Posted by Chuck Csizmar | Posted in Articles, Universal Compensation | Posted on 15-04-2010
In our last post we introduced you to Step # 5 of the Seven Step Compensation Diet – the need to set up a pay increase budget and stick with it. Managers make fewer questionable reward decisions when funds are limited, when they are held accountable and when Finance is double-checking and reporting on transactions.
Hand in glove with this financial tool is the need to obtain Senior Management support for your program re-design strategies. To gain their support you need to pro-actively make your case.
Step #6: Develop a Metrics Awareness Program
You can grab the attention of your senior leaders by telling them the story of their largest single expense item – your company’s reward program. They will want to know whether that huge expense (40% to 60% of revenue) is being properly managed. If there are challenges ahead, or a crisis at their doorstep, you will have their attention. You will need to tell them what has happened, and why. They will ask about implications (liabilities, competitive picture, morale, turnover, etc.) and what would it take to resolve the issues being faced.
You had better be ready.
To tell a compelling story that describes real or potential problems with your compensation program(s), you will need to present facts and figures. You will need to be specific. Suppositions, theories from management magazines or best guesses based on your years of experience will not make the sale.
You will also face the passive resistance of those accustomed to the laid back philosophy of “if it ain’t broke . . .” Unless there’s a problem staring them directly in the face, management won’t recognize that the barn is on fire, or that it soon will be. You will need to instill a sense of urgency by presenting evidence.
Specifics are listened to
To understand the plot points of your story you should establish a series of quantifiable indicators (metrics) that record the factors and activities that impact your compensation programs. Some examples:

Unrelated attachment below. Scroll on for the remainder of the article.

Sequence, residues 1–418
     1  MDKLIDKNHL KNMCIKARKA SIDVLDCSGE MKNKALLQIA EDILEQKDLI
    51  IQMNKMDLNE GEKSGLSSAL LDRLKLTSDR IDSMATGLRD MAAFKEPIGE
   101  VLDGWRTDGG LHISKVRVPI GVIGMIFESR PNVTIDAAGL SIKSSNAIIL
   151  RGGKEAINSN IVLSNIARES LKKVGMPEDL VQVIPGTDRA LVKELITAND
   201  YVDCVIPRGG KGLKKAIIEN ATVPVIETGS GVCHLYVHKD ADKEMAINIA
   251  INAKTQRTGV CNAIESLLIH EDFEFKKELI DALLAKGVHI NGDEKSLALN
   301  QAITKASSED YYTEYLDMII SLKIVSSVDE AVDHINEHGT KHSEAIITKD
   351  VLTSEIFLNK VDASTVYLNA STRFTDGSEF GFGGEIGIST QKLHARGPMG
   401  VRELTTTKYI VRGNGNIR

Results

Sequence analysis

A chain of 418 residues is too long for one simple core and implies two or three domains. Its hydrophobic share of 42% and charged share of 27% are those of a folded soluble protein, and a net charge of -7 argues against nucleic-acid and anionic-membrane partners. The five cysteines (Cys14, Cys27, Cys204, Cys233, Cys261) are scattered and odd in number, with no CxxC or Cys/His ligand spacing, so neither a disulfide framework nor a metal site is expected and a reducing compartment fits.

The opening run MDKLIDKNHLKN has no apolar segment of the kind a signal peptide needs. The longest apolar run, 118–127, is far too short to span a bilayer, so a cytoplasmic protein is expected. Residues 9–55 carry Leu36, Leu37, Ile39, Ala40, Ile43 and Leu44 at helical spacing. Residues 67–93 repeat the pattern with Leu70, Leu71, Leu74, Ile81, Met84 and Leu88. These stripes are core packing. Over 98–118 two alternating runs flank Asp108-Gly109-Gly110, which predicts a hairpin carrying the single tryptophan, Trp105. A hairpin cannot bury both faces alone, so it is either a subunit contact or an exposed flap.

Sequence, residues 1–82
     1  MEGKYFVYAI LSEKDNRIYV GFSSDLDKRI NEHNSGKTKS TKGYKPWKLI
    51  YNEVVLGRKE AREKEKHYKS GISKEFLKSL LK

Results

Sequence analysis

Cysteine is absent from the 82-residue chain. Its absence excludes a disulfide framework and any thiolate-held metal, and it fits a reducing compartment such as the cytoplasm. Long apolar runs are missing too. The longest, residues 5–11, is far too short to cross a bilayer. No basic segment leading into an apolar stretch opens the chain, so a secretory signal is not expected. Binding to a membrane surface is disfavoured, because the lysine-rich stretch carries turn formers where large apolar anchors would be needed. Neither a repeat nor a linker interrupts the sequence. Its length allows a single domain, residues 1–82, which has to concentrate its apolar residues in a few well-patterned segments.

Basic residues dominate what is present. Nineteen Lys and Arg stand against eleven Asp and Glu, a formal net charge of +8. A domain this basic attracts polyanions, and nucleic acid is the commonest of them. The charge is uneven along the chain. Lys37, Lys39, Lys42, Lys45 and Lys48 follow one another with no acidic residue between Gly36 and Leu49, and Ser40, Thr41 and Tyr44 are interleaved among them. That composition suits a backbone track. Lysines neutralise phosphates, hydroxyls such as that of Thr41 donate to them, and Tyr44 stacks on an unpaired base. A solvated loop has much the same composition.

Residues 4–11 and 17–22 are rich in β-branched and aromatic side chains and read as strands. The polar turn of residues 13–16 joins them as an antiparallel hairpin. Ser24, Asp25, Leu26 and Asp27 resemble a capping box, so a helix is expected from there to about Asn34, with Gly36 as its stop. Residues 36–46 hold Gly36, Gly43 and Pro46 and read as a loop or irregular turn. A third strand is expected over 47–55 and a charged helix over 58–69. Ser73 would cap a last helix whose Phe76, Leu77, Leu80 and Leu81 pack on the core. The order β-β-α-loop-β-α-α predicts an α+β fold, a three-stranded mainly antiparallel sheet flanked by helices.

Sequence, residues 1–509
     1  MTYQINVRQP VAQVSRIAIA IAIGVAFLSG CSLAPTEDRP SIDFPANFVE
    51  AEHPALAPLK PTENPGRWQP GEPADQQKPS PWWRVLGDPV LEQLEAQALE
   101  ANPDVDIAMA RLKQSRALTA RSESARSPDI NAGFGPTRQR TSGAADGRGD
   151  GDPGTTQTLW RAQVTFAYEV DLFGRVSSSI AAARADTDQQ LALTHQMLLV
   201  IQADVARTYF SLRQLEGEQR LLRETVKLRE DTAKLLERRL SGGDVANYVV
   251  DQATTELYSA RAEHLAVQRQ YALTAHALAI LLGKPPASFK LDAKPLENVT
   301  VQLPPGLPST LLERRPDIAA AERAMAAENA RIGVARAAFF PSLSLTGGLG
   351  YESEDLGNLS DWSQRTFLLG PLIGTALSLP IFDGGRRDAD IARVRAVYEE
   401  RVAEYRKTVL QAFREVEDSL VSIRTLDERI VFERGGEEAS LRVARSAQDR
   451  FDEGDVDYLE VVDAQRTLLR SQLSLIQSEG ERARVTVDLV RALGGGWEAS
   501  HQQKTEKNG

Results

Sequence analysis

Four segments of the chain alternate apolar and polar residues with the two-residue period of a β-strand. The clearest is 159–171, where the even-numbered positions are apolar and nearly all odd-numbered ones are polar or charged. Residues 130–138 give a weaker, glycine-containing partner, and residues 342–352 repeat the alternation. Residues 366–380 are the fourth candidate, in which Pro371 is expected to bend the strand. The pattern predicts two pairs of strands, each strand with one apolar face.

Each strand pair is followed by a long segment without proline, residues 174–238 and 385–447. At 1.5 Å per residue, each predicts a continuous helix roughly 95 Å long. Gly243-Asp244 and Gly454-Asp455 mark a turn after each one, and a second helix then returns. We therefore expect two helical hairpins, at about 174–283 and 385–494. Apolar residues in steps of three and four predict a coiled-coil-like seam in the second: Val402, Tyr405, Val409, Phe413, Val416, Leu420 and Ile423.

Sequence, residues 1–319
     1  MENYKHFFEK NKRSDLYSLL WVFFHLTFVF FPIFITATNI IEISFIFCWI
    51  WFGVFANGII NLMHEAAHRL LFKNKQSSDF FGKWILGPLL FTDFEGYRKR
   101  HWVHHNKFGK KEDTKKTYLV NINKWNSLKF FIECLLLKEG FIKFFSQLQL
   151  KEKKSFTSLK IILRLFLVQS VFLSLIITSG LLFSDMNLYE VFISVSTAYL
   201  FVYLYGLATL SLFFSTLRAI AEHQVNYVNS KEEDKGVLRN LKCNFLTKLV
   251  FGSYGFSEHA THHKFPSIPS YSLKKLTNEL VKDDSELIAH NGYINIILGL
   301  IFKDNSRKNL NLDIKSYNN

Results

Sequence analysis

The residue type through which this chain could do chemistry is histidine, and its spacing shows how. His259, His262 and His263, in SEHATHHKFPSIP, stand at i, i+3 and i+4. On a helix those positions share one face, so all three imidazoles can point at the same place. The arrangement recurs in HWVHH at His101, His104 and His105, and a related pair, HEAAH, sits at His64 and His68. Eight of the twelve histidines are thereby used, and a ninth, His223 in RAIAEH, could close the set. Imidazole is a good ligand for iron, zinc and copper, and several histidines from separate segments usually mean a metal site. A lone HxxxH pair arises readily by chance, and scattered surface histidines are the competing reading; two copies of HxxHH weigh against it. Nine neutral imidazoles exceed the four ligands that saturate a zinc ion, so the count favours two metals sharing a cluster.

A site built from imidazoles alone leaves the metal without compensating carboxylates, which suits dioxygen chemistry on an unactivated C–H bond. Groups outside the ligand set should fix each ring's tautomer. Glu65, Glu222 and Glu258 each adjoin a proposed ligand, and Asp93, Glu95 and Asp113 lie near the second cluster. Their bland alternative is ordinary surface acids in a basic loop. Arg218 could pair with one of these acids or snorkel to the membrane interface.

- Average salary / wage
- Count of employees per segment (hourly, non-exempt, professional, management)
- Average performance ratings
- Average pay rise for each performance rating
- Count and average promotional and “equity” increases
- Voluntary turnover (employees who decided to leave)
- Average employee age and length of service
I could go on and on and on (we only have so much space), but you get the point. Measure what is important to you. The further refine these and other measures by breaking them down per salary grade, employee segment, male / female, etc.
Once you have the metrics established (collectively called the “dashboard”) and a current status baseline in place, determine where immediate problems might be festering. I use a simple red light, yellow light, green light code to mark problems, cautions and thumbs up for each criterion. Follow this by setting specific targets going forward to improve your weak areas, and create periodic milestones to mark your progress.
What to look for
Every organization has different pressure points. However, if your metrics data indictaes any of the following situations, it’s likely a specific problem that your management would want to know about.
- Average performance ratings that exceed how the business was rated
- A workforce where key segments are approaching retirement age
- Promotion and “equity” increase activity that overwhelms the merit budget
- Low compa-ratios indicate you are not paying your salary ranges
- Any figure that is an unpleasant surprise
Having a series of quantifiable measures will give you a sense of direction, as well as a method to gauge your progress. Lacking that, your activities would likely spin you around in a circle, achieving little but data collection. You need to use the data.
Start the ball rolling. Create quantifiable metrics that will collectively illustrate the well-being of your compensation program(s) – and then establish baselines and targets for each performance indicator. This key step will help you understand whether your costs are being contained (your diet is working) and whether the ROI on employee rewards is at the level your company requires.